When you plan your estate, there are two kinds of trusts you can choose. One is a revocable trust, and the other is an irrevocable trust. The differences between these may seem fairly obvious, with one being able to be changed at any time and the other not able to be altered. However, there are some other differences to know.
Most people plan on being able to manage their affairs, but sometimes unforeseen circumstances arise and people are no longer able to reasonably make important decisions about their best interests. Sometimes it is the result of a mental illness, other times it may just be the result of aging, but how should these situations be legally handled?
When you're growing older, it's a good idea to make sure you update your will. You may think you have time to put it off, but you never should wait. If you wait, you may pass away or be caught off guard by an illness that makes it impossible for you to finalize your will.
Wills are very important to the estate plan equation, and yet few people actually want to construct their will. And fewer still want to deal with their will once it is complete. There are some simple reasons for these feelings that many people share. Wills can be tricky to fully complete. They also deal with an inherently unsavory topic: our own death. It can also be tough to wrestle with the idea of giving certain people assets while others don't receive as much.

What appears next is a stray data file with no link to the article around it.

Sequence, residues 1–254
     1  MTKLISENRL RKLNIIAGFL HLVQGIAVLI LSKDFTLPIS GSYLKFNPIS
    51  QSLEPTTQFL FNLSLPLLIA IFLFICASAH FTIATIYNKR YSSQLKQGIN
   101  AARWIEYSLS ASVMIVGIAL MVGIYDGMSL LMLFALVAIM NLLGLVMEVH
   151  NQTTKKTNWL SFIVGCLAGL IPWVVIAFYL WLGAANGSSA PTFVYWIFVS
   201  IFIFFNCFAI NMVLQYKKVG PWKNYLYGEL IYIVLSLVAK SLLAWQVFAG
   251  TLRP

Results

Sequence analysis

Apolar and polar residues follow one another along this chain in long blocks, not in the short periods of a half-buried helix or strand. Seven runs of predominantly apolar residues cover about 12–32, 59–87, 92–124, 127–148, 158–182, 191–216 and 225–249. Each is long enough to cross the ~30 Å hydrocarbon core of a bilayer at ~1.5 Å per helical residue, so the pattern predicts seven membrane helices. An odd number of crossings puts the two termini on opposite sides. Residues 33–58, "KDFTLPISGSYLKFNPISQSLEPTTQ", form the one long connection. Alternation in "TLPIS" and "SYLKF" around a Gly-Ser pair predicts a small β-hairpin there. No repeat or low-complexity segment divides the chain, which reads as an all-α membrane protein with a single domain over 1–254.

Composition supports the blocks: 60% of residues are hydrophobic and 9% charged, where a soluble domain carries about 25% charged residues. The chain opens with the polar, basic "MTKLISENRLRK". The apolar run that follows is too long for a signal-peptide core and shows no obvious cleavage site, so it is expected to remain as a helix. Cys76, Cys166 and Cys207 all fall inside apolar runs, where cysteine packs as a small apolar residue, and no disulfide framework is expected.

As we age, preserving the future of our assets becomes more of an immediate need. It can be difficult to establish an estate plan that will protect your home and other property while still allowing you to plan for your future and maintain some level of financial independence. In many cases, it becomes a decision between two documents: life estates vs. irrevocable trusts.